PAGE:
Some epidemiologists argue that all fat has been unfairly lumped in…

… It's not a stand-alone graphic. There's a lot of information that goes into choosing a healthful diet. I don't care how good anyone is at designing graphics, they'll never put it into one triangle, pagoda, or any other model -- and we tried large numbers of models that might look more effective. I don't think that should be the use. I think we ought to come back to defining what is the use of the food guide pyramid, and begin from there. Wipe the slate clean and say: What are we going to do with this document? Or should we get rid of it?

photo of nestle

marion nestle
Chair, Nutrition Dep't., New York University; author Food Politics: How the Food Industry Influences Nutrition and Health

The pyramid was meant to be released in 1991. At that point, the meat industry and the dairy industry got wind of it, didn't like where their products appeared, sort of towards the top of the pyramid, and complained so bitterly to the Department of Agriculture that the Department of Agriculture withdrew it, and redid the research and went through a year-long lobbying process that resulted in the 1992 release of the pyramid. It was already incredibly political, right from the outset.

Now, I thought that the advice would indicate that you were supposed to eat fewer meat and dairy products, and that would lower the fat content of the diet. … It never occurred to me, when the pyramid was released, that the sizes of servings of grain products in particular would increase so rapidly during the decade in the 1990s. What happened was that muffins that used to be 1 or 2 ounces expanded to 8 ounces. Soft drinks that used to be 8 ounces expanded to 64 ounces. Pretzels that were 1 ounce expanded to 7 ounces. You eat one of those 7-ounce pretzels and you've done your grain servings for the day. But most people don't realize that.

photo of glickman

Dan glickman
Secretary of Agriculture, 1995-2001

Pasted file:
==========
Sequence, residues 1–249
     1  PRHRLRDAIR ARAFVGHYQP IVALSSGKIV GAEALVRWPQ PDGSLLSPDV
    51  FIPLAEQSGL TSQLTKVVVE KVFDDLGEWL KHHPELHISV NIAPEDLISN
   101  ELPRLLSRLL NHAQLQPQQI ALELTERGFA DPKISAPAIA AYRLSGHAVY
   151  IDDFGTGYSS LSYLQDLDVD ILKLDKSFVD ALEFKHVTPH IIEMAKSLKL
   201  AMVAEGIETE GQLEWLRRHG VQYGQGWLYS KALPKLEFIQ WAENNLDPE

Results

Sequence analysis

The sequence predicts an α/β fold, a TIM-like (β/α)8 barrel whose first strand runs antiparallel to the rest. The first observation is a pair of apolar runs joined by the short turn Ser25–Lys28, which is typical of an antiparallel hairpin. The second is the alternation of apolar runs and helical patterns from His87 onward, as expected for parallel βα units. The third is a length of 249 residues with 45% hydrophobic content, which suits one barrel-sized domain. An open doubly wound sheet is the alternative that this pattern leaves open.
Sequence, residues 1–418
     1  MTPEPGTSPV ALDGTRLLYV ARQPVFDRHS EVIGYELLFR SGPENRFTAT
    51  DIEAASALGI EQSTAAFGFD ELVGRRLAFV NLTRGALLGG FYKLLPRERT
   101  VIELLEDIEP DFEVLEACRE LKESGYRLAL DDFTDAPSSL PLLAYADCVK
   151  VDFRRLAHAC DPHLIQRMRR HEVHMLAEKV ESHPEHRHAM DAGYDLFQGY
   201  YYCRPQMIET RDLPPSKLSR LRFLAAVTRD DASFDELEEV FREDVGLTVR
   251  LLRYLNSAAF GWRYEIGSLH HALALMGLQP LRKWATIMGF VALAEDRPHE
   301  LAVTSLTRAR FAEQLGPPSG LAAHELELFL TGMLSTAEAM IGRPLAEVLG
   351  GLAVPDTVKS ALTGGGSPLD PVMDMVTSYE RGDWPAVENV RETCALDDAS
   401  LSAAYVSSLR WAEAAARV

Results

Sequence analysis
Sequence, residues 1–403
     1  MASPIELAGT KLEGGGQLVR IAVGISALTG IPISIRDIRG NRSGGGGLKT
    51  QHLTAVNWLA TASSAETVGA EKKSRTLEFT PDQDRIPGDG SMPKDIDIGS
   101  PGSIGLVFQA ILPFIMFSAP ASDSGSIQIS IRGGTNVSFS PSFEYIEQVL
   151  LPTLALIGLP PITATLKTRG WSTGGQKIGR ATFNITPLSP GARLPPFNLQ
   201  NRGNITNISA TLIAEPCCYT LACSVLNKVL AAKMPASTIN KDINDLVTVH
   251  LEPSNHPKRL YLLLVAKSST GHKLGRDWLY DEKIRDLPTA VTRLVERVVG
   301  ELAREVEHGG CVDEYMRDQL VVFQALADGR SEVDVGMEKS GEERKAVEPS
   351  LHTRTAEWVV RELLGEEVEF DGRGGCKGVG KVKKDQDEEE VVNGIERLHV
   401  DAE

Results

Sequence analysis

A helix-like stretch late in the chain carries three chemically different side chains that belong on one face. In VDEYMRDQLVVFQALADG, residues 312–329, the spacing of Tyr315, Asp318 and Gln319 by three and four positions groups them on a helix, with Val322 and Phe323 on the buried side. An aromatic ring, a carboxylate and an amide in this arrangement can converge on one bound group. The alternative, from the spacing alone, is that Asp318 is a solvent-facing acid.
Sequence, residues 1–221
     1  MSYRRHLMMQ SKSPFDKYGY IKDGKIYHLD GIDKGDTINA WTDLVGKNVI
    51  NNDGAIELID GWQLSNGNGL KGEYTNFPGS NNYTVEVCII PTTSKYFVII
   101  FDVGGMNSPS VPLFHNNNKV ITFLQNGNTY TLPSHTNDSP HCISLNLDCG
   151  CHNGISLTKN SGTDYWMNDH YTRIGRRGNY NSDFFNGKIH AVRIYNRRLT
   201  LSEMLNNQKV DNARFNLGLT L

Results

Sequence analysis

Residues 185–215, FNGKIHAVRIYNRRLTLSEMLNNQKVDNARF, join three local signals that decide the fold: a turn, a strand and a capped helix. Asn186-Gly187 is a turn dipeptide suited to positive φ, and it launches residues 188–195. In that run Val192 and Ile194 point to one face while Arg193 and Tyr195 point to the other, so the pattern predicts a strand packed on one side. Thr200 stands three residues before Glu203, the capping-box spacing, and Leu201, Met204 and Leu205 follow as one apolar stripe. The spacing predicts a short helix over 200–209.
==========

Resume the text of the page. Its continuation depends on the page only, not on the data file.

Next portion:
How did the USDA get into the business of giving nutrition advice?

… Actually, the largest part of the Department of Agriculture, in dollars spent, is in its federal nutrition programs: the National School Lunch Program, the Food Stamp Program, the Women Infant and Children Program. So over the years, the belief was that since the government was providing all this food assistance to the needy and the poor, that there was a reason to try to provide nutritional advice and information as well, and that's how it began. …

Once you start talking about specific health outcomes for certain types of food, you get into a political problem.

That's correct. You know, certainly at the beginning, the idea was kind of a joint coalition between farmers and needy people, to get rid of surpluses of food, because we've always produced more food in this country than we've consumed, either domestically or even internationally. So the idea was to join the farmers, the producers, with the consumers and the people who needed the food. But gradually, as we began to look at what foods were good for you or what foods weren't good for you, you began to get differences of opinions and resistance from some parts of the food production industry. …

Still, the USDA, in giving advice, had to deal with, for example, saturated fats, which have consequences for health, but also for people who produce animal protein.

Yeah. USDA basically was in an unusual role of not wanting to say that there were any good foods or any bad foods; that all foods were okay, [presumably] eaten in some degree of moderation or discretion. So USDA was always very careful at not defining evil as part of any particular food category.